Friday, May 1, 2009

The Dangerous Political Pull of Kentucky Bootleggers?

Justin Thompson has a scathing critique of Kentucky's bizarre new liquor tax increase in his essay "You Watch my Back and I’ll Stab Yours: How KY Lawmakers Have Started Another Whiskey Rebellion", printed in the currest edition of The Bourbon Review. An excerpt:

On April 1st of this year, the booming bourbon industry was delivered a low-blow by its lawmakers when Kentuckians were required to pay an additional 6% sales tax for the first time on alcohol. The tax was passed and quickly signed by Governor Steve Beshear in an attempt to cover the state’s 454 million dollar shortfall in the budget. So what’s the big deal you ask? Local, state and federal taxes gobble up an average of 53% of what is paid for a bottle of bourbon in the Bluegrass State which was the third-highest effective tax rate in the nation BEFORE the 6% sales tax was added according to the Kentucky Distillers Association. The timing of this tax could have not come at a worse time either. When small-business owners and retailers are doing everything they can to attract consumer traffic and stay in business, lawmakers have crippled the efforts of the 3,400+ liquor retail stores and countless restaurants and hotels who rely on liquor sales to pay bills. Not to mention the negative effect this will have on the Midwest’s largest growing tourist attraction, The Bourbon Trail, by threatening the 500,000 visitors who might not choose to visit as many distilleries because of the higher prices. There is also the competitive advantage that now has been lost to our border states who used to drive from Cincinnati or Southern Indiana into Kentucky to do their shopping for alcohol. Chances are those densely populated areas will see a reversal in business as more Kentuckians will go across the river for their booze to save a few dollars during these tough times.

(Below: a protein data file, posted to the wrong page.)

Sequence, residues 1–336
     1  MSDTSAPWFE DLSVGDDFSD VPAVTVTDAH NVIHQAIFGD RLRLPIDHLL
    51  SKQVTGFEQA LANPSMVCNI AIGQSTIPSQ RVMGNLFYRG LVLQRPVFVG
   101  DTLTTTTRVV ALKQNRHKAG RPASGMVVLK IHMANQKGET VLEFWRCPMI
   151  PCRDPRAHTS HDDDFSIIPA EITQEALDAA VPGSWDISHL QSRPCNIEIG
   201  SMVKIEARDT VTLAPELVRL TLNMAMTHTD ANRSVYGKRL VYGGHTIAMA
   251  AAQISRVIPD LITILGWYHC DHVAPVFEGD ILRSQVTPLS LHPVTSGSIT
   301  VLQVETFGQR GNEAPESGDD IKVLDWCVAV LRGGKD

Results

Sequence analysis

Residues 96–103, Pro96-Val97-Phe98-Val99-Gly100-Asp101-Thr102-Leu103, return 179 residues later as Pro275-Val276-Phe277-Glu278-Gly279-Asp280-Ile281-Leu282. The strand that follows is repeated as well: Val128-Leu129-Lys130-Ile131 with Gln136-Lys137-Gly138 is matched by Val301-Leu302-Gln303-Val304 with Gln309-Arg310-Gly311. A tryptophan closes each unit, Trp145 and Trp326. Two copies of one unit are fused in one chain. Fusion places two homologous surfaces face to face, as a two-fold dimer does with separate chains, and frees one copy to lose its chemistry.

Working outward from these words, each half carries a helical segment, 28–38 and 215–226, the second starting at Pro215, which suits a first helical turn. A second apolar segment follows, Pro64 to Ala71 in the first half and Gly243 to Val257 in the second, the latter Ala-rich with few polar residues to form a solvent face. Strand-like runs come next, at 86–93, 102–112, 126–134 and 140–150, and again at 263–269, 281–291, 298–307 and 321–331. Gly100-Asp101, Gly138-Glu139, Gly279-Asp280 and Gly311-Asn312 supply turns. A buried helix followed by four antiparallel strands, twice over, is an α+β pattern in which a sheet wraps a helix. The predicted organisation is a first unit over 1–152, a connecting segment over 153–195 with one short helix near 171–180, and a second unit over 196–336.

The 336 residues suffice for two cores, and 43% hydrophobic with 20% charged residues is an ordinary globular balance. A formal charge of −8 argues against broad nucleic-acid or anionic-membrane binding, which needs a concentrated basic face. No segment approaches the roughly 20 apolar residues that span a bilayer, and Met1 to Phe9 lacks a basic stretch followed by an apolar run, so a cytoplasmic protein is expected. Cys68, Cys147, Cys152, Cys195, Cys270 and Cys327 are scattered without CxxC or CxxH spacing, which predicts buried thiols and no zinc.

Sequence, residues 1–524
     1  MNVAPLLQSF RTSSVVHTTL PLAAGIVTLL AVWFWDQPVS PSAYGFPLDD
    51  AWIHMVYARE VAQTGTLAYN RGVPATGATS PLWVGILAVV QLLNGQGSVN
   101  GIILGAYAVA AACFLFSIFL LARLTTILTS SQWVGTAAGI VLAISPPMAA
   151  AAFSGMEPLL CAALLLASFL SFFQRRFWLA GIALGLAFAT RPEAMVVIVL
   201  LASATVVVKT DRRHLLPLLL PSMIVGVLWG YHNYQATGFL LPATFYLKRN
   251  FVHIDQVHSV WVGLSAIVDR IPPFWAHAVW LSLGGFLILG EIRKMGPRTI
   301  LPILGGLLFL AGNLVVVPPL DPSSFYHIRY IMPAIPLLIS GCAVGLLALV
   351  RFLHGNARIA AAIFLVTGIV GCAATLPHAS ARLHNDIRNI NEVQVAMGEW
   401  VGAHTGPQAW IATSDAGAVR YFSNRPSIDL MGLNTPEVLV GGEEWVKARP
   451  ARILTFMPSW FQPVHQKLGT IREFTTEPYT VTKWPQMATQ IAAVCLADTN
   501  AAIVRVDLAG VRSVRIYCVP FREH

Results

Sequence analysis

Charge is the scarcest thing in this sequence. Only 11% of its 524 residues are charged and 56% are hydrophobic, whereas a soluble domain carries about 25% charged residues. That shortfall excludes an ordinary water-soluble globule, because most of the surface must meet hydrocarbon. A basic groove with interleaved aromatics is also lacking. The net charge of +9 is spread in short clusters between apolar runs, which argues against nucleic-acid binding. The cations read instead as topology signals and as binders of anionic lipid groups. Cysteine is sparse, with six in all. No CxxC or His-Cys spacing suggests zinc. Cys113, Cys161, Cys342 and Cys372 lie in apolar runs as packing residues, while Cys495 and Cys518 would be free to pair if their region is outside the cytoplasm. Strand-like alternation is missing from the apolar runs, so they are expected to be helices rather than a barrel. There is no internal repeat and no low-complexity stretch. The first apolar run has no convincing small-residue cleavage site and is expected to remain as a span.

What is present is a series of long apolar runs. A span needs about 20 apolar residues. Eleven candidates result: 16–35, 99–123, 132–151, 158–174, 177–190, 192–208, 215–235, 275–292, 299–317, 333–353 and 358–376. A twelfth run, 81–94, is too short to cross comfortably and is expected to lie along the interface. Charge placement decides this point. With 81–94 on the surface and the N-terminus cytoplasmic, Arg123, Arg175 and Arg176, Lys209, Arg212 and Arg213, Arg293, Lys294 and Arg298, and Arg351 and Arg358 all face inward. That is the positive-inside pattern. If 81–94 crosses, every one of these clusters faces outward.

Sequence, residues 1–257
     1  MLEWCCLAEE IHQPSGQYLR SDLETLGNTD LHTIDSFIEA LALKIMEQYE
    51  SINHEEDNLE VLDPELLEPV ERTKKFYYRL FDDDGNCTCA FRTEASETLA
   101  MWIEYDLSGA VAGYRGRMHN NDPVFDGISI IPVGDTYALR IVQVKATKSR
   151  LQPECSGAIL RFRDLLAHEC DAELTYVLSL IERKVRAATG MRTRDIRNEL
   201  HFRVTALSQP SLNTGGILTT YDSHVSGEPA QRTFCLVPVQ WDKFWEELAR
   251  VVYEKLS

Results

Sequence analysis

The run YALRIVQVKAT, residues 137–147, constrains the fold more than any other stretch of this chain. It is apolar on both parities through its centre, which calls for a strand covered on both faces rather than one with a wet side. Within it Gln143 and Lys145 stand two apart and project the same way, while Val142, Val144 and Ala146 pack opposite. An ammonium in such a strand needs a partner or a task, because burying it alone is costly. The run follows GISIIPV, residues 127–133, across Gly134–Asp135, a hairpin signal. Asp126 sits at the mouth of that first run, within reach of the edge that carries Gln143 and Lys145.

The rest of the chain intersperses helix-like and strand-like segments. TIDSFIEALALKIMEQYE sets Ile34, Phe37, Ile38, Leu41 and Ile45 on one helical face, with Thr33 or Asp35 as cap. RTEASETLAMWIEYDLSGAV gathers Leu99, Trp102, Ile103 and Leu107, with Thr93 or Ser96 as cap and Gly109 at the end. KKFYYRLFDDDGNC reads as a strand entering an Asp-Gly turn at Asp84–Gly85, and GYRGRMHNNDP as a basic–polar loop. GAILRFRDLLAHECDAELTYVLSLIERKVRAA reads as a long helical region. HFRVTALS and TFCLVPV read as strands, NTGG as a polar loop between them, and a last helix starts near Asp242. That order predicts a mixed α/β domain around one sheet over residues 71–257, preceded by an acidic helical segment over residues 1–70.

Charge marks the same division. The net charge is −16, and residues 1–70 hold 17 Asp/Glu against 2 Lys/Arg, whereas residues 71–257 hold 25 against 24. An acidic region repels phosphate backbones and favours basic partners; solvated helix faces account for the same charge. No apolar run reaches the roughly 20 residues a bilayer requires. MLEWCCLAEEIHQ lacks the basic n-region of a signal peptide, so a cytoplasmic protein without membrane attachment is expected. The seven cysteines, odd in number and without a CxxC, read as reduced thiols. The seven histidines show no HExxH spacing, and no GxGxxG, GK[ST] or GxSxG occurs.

Why would lawmakers make such a quick decision (it took only about a month to debate and pass the tax) even though several national and local economists believe raising taxes during a recession is a counter-productive move? First, you would have to examine the hypocrisy that is Kentucky politics. Kentucky is composed of 120 counties: 30 of which are wet and 90 that are dry. Those 30 counties include the most populated areas and enjoy the majority of the residents. Even so, there is a large portion of Kentucky that is dry and the vast majority of the lawmakers from these regions voted for the tax increase. Why are there so many dry counties in one of the largest alcohol producing states in the nation? One reason is bootleggers. In every single one of those 90 counties, bootleggers operate unbothered by the law, unregulated and untaxed. In most cases, they infiltrate the political circles and ensure that any talk of a county voting wet is squashed very fast. I grew up in one of those small dry counties and was shocked to find that alcohol was harder to score as an under-age freshman in college than it was as a freshman in high school. If you don’t believe that bootleggers have political-pull, then think about the last time the local news did a story about police busting a bootlegging operation in one of those rural counties. These dry counties do nothing to generate alcohol sales tax receipts, but they are more than happy to accept the tax-money that wet counties produce.

Did I read that wrong? Is the Bourbon Review actually stating what I think it's stating?

1 comment:

jimmuncie said...

I seem to recall a federal law that forbids a tax on a tax. Isnt the fact that 53% of the cost of alcohol is tax? If that is the case...shouldnt we be paying the 6%tax on 47% of the cost instead of 100%? Any tax attorneys out there care to comment?